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Overuse of health care services in the United States: an understudied problem.

Korenstein D, Falk R, Howell EA, Bishop T, Keyhani S. Overuse of health care services in the United States: an understudied problem. Archives of internal medicine. 2012 Jan 23; 172(2):171-8.

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Abstract:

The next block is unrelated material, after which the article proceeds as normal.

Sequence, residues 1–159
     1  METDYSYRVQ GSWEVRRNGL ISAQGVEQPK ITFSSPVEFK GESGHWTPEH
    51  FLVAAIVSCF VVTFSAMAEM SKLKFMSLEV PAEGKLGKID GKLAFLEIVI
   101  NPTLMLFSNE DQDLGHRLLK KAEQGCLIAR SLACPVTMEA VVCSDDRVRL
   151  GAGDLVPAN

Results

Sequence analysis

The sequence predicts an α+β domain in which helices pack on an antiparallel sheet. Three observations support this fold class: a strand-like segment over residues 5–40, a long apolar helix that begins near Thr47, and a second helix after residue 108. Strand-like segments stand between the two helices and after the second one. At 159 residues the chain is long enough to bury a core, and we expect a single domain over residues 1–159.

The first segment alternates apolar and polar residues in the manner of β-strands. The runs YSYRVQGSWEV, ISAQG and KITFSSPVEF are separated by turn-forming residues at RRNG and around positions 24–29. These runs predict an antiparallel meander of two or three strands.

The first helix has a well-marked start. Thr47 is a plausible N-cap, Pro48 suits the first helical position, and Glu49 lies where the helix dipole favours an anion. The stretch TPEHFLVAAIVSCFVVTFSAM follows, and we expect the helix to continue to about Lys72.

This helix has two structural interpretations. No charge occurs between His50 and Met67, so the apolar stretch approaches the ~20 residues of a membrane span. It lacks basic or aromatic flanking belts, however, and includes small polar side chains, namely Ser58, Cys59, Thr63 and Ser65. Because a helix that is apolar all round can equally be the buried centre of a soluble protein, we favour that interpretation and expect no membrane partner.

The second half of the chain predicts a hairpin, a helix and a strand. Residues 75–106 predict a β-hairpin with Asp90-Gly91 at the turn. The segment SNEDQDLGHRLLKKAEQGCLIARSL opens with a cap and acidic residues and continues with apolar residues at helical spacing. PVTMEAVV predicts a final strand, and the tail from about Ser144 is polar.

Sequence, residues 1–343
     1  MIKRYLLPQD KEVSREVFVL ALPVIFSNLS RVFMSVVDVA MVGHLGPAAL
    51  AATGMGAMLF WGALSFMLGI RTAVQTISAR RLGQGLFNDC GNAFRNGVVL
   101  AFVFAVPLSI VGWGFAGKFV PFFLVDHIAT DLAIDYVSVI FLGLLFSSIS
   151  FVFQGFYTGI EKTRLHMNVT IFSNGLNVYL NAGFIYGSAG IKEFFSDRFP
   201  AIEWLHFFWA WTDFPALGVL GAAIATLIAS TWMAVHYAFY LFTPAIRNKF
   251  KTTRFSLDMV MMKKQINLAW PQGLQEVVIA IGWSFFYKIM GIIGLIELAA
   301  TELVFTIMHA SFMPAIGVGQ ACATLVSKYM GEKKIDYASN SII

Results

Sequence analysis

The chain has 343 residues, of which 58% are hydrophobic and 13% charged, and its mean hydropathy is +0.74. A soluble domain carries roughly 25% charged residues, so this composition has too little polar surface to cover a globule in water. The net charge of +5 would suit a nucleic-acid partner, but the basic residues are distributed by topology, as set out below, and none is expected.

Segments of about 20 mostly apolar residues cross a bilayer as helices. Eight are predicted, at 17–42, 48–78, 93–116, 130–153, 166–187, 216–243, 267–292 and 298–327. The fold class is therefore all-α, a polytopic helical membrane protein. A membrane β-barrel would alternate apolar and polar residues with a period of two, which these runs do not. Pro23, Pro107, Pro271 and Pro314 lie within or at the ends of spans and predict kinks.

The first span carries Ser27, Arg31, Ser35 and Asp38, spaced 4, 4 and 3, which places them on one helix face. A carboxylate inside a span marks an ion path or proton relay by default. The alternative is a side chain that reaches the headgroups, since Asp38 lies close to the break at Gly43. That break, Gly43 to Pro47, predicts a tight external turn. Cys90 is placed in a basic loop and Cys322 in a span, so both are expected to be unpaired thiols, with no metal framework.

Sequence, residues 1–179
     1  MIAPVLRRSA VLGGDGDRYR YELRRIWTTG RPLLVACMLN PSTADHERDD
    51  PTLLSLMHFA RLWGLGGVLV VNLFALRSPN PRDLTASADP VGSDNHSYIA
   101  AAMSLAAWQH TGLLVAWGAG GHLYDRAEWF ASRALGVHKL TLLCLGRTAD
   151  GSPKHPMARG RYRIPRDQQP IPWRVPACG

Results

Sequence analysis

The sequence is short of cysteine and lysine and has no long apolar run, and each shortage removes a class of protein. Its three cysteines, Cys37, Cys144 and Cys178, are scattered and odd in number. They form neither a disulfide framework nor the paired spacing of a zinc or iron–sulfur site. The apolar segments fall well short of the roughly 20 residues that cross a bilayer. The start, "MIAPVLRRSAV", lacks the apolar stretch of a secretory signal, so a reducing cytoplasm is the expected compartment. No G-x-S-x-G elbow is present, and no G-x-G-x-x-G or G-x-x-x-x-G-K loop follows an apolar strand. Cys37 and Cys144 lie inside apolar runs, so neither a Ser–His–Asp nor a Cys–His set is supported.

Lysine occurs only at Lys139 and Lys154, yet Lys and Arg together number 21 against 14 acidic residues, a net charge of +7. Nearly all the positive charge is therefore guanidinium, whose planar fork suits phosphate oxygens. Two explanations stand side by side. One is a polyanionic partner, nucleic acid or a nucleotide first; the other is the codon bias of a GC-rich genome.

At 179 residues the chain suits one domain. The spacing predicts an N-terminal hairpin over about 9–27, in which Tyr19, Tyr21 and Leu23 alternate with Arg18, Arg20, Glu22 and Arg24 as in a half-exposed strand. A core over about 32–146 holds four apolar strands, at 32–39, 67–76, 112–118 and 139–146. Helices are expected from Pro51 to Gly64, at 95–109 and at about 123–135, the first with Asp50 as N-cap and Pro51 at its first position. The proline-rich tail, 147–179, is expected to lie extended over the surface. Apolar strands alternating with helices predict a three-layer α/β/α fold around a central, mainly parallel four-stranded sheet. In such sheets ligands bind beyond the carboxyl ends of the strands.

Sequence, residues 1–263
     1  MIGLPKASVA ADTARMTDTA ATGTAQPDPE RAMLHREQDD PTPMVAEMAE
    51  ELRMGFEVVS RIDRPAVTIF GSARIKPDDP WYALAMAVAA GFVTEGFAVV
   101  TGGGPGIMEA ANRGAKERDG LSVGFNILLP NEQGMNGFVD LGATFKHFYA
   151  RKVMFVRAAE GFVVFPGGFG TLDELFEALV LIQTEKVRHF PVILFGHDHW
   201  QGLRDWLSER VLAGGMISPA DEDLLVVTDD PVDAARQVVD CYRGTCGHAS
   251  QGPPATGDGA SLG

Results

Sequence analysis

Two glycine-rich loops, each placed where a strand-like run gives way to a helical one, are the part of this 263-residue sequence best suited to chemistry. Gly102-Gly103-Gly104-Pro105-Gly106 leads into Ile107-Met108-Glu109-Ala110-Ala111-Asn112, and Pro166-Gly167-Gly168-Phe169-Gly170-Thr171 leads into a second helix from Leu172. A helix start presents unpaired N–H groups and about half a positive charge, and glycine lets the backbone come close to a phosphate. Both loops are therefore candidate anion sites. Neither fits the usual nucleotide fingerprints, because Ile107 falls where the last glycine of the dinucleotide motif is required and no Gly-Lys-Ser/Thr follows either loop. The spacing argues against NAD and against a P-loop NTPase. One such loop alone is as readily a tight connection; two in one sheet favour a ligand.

BACKGROUND: Overuse, the provision of health care services for which harms outweigh benefits, represents poor quality and contributes to high costs. A better understanding of overuse in US health care could inform efforts to reduce inappropriate care. We performed an extensive search for studies of overuse of therapeutic procedures, diagnostic tests, and medications in the United States and describe the state of the literature. METHODS: We searched MEDLINE (1978-2009) for studies measuring US rates of overuse of procedures, tests, and medications, augmented by author tracking, reference tracking, and expert consultation. Four reviewers screened titles; 2 reviewers screened abstracts and full articles and extracted data including overuse rate, type of service, clinical area, and publication year. RESULTS: We identified 172 articles measuring overuse: 53 concerned therapeutic procedures; 38, diagnostic tests; and 81, medications. Eighteen unique therapeutic procedures and 24 diagnostic services were evaluated, including 10 preventive diagnostic services. The most commonly studied services were antibiotics for upper respiratory tract infections (59 studies), coronary angiography (17 studies), carotid endarterectomy (13 studies), and coronary artery bypass grafting (10 studies). Overuse of carotid endarterectomy and antibiotics for upper respiratory tract infections declined over time. CONCLUSIONS: The robust evidence about overuse in the United States is limited to a few services. Reducing inappropriate care in the US health care system likely requires a more substantial investment in overuse research.





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